Do All Languages Have Inherent Value?

Languages evolve, grow, come, and go. But what does this mean for the world’s underrepresented cultures and communities?
October 14, 2020
Do All Languages Have Inherent Value?

When considering the inherent value of languages, it’s important to think about the numbers:

Across the world today, there are 7,117 spoken languages. Of these, just 23 account for over half of the world’s population, meaning thousands of valuable languages remain underrepresented in modern society (the 5 most used languages are English, Mandarin Chinese, Hindi, Spanish, and French.) 

This uneven language ratio is exacerbated by the fact that in many English-speaking countries (like the United States and Australia), schools don’t mandate the learning of a second language. On a big picture level, it’s pretty clear that most countries don’t place enough value in regional languages.

This might not seem like a big deal to many English speakers, but what does it mean for languages that don’t have the luxury of being dominant? Do all these languages have value? And if so, what are we doing to preserve them?

How Do Languages Go Extinct?

When we think of extinction, we tend to think of animals. But languages can go extinct, too. It’s currently estimated that a language dies about once every two weeks. Over the last three generations, more than 200 languages have become extinct. And roughly 40% of the world’s languages — both spoken and sign language — are currently endangered. Many have fewer than 1,000 speakers. As parts of the world continue to develop, and others shrink into obscurity, what does this mean for human culture?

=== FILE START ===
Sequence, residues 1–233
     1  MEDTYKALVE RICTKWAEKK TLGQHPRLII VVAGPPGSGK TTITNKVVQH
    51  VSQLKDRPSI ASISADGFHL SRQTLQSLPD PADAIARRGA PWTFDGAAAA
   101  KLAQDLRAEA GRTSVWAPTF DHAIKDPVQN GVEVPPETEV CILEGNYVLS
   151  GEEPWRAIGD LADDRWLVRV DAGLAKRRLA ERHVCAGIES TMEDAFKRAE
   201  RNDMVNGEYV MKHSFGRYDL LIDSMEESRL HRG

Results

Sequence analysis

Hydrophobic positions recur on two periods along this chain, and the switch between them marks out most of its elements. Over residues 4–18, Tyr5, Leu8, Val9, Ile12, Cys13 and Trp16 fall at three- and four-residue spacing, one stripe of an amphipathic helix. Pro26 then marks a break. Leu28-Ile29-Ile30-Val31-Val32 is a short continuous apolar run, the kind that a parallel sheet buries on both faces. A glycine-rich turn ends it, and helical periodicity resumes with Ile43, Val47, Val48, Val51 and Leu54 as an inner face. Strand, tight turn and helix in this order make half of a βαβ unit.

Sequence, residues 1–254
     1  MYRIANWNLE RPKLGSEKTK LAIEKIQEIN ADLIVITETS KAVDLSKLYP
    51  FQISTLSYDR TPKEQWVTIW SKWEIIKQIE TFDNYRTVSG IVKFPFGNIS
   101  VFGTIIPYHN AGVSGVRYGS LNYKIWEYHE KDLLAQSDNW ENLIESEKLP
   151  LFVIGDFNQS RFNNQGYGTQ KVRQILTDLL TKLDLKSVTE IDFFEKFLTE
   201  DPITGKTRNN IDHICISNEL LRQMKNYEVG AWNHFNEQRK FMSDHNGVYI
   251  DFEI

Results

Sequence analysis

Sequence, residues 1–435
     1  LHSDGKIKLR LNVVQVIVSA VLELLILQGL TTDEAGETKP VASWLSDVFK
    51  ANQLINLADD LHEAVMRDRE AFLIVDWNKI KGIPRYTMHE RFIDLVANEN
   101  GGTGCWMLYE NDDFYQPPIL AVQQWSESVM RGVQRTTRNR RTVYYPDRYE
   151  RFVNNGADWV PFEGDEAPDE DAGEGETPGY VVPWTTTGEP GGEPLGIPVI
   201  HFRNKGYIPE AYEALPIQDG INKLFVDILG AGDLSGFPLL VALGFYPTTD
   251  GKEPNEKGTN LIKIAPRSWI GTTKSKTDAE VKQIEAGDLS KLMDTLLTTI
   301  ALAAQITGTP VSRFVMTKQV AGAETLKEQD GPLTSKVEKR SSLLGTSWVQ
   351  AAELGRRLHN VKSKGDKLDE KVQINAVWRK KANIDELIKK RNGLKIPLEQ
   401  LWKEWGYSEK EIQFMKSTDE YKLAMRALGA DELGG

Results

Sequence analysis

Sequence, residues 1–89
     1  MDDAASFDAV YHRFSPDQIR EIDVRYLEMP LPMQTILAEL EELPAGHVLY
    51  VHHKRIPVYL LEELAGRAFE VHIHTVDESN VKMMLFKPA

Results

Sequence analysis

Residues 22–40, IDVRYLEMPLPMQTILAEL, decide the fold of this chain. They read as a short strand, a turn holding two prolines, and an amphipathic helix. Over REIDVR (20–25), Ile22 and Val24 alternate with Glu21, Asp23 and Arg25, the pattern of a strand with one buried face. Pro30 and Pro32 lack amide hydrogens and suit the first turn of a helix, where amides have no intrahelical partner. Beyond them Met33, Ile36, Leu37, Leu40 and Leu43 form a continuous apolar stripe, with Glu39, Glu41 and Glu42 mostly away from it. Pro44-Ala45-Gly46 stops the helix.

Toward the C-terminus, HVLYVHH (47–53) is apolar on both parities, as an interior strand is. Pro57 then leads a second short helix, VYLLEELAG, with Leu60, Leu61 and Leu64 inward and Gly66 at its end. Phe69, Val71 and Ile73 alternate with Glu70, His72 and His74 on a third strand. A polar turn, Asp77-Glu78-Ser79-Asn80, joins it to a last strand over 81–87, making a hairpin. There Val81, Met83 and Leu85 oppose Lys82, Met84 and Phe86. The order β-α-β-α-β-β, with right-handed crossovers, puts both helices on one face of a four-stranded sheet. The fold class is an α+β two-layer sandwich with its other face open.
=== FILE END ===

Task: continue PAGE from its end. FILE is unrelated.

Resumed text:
To answer this, we first need to understand exactly what an endangered language is. The United Nations Educational, Scientific, and Cultural Organization (UNESCO) defines four levels of language endangerment. These range between “safe” (not endangered) and “extinct”:

  • Vulnerable — most children speak the language, but it may be restricted to certain domains (e.g. the home)
  • Definitely endangered — children no longer learn the language as a mother tongue in the home
  • Severely endangered — the language is spoken by grandparents and older generations, and while the parent generation may understand it, they do not speak it to children or among themselves